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Japanese Shiba Inu Dogs

A close up of a Japanese Shiba Inu puppy's lovely rounded face A healthy adult Japanese Shiba Inu showing off it's wonderful muscular body and bushy tail A beautiful little Japanese Shiba Inu puppy with a lovely thick coat A close up of a Japanese Shiba Inu puppy's impressively giant paws A Japanese Shiba Inu with beautiful tall ears sitting on the beach A close up of a Japanese Shiba Inu's distinctive bushy tail A growing young Japanese Shiba Inu showing off it's wonderful bushy tail A profile of a Japanese Shiba Inu with a long pointed nose and tall sharp ears Two healthy adult Japanese Shiba Inus standing tall together


The Shiba Inu, as it is known, originates from Japan and was used as a hunting dog to flush out small game for the hunters. During the Second World War, it was nearly wiped out due to an outbreak of distemper. A few years after the War ended, Shiba were found living in the countryside and a breeding programme began. The breed was registered with the Japanese Kennel Club in the late 1940's.

The word 'shiba' means brushwood in Japanese and it is believed that the dogs' coat resembled the autumn brushwood. They are a very popular breed in Japan and are becoming more so in the USA. It is the smallest of the Japanese Spitzes.


Shiba Inus are bold, confident and alert dogs, always ready for action, but loyal and affectionate to those around them. They get along well with family and pets and as long as children are respectful and don't tease them, they are child friendly. They can sometimes live with cats if raised together, but have a tendency to chase small animals. They have a natural suspicion of strangers and do need early socialisation to prevent them from becoming too protective of the family and house.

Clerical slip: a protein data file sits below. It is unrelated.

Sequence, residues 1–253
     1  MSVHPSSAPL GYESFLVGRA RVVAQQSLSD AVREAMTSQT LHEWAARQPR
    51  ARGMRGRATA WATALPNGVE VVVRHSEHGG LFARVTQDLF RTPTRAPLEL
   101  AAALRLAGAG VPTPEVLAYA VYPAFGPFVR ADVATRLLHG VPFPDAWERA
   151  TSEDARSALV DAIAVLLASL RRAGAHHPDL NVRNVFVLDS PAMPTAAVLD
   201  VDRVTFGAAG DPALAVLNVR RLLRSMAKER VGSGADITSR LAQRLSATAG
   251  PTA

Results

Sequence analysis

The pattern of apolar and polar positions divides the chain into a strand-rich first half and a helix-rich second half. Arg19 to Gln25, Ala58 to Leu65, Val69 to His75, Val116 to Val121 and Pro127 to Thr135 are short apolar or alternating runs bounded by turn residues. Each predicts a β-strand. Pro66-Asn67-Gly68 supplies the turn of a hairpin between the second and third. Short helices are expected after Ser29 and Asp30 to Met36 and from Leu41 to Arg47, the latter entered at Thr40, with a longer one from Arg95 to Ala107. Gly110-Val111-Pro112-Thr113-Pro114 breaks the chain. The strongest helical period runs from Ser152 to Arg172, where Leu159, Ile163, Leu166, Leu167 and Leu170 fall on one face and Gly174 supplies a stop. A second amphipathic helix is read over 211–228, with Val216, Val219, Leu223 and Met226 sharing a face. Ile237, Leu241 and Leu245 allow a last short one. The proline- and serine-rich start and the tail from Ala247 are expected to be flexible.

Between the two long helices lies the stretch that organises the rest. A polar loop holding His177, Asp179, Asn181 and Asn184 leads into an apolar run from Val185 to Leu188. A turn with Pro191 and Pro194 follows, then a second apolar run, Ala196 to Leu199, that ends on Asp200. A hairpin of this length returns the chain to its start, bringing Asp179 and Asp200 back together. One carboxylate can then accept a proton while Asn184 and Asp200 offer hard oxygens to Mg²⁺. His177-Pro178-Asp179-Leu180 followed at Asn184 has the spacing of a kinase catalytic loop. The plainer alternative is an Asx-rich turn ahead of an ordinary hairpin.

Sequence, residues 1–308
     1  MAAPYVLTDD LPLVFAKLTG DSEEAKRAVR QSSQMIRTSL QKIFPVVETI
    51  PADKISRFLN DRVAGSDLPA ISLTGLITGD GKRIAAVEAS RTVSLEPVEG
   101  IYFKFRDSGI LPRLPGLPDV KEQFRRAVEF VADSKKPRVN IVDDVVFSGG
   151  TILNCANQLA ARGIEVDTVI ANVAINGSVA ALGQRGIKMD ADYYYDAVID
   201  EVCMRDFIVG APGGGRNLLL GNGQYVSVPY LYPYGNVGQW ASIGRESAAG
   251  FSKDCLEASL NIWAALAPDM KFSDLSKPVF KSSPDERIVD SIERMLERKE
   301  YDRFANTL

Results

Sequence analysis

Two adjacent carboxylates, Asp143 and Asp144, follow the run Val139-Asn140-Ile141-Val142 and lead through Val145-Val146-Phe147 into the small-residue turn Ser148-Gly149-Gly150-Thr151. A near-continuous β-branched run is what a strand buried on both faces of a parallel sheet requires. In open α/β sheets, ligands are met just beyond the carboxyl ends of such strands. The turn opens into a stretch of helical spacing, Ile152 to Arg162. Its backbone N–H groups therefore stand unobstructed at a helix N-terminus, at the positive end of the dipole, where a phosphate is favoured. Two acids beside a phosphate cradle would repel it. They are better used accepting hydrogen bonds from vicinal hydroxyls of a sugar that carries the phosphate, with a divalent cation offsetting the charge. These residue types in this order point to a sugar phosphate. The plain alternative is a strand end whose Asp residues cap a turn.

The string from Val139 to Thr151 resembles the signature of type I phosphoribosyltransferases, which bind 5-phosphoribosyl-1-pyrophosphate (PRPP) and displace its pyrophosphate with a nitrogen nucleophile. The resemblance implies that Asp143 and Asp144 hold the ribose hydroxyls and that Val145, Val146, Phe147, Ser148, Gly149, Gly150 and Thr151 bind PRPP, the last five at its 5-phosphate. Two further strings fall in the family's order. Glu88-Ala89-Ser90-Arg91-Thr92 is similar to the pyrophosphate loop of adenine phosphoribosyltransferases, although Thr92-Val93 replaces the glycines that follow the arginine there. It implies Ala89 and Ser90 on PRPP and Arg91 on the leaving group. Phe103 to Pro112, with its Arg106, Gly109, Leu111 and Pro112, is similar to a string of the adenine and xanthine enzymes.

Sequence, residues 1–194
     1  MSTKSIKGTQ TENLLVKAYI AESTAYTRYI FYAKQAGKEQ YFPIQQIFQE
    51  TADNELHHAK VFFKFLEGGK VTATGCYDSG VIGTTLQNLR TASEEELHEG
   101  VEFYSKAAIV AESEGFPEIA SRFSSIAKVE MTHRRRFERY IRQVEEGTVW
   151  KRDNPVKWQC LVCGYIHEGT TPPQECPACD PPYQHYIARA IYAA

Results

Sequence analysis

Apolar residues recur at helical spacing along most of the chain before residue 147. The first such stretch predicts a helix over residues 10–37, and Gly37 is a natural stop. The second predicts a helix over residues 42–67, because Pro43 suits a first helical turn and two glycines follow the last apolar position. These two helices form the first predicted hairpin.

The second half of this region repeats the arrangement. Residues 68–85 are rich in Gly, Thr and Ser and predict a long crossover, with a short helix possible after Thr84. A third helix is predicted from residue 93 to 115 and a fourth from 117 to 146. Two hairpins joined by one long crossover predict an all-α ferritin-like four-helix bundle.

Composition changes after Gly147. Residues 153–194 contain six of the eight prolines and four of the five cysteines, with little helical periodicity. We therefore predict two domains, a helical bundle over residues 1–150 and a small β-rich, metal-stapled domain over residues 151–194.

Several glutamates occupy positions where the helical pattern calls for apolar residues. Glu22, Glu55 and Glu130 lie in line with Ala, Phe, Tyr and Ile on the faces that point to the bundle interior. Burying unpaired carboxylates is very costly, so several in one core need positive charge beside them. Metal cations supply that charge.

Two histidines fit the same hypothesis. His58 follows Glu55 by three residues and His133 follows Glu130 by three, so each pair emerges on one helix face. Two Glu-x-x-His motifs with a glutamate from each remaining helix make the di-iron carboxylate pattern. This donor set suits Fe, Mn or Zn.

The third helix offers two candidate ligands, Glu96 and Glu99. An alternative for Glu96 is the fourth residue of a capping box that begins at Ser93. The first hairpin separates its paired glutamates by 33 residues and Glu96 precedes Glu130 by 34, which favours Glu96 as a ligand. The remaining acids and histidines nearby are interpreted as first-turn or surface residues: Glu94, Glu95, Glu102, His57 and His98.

Rather than stubborn, Shiba Inus are seen as 'free thinkers' and can be funny about sharing food, territory and toys. Teaching them by taking food and toys away at a young age will prevent aggressive behaviour later in life and reinforce that you are in charge. It is best to put toys away when children are around to stop any issues.

Training can take a while, due to their nature. They are intelligent and can learn, but at their own pace. Trying to get them to think something is their own idea usually works and food can be a great motivator, but ultimately, patience is needed. They bond quickly with their owner and can be very playful, so using games to train them often works well. However, without a firm consistent owner, they will try and take over. A few minutes training a day, built in to a walk will reinforce their position and make for a well rounded dog. Shibas need this approach to training and it should continue throughout the dog's life.

With their chase instinct, recall is non existent and they will run off after squirrels and cats. They therefore need to be walked on a lead or in a secure area for their own safety. Shibas are undemanding dogs, but do need a fairly long walk every day to keep them fit and mentally stimulated. They are very active when out walking and a long walk will help them burn off enough energy to make them relaxed and content within the home. They make excellent hiking partners and can walk for miles without tiring.

The Shiba is a very clean breed and generally avoids getting too dirty. They need regular brushing to remove dead hair, but bathing is not usually needed; plus it removes the natural water proofing of the coat. When moulting they lose an awful lot of fur.

As a breed, they can be prone to Canine Hip Dysplasia and Patellar Luxation.


Shiba Inus have a bold and headstrong temperament. These are not dogs for the inexperienced. Having a high prey drive as well as nimble agility the Shiba can certainly be more than a handful for most. They need a confident owner who can be utterly consistent in training and provide plenty of controlled exercise. Shibas can be very noisy but this does make the good watchdogs.

Health Problems

Health problems that may affect Shiba Inus include canine hip dysplasia (CHD), luxating patella (dislocation of the kneecap), elbow dysplasia, Legg Calvé Perthes disease (deformation of the femoral head which can cause lameness and joint swelling), cataracts, progressive retinal atrophy (PRA: degeneration of the retina which can lead to blindness), allergies and heart disease.

Breed Details

  • Status: Common
  • Life Expectancy: 12 - 15 years
  • Weight: 6.8 - 11 kg
  • Height: 13 - 16"
  • Rare: No
  • Coat: Short - Double
  • Grooming Requirements: Once a week
  • Town or Country: Either
  • Minimum Home Size: Small House
  • Minimum Garden Size: Small to Medium Garden
  • Breed Type: Companion Dog
  • Size: Medium
  • Energy Level: Medium
  • Exercise Required: Up to 1 hour

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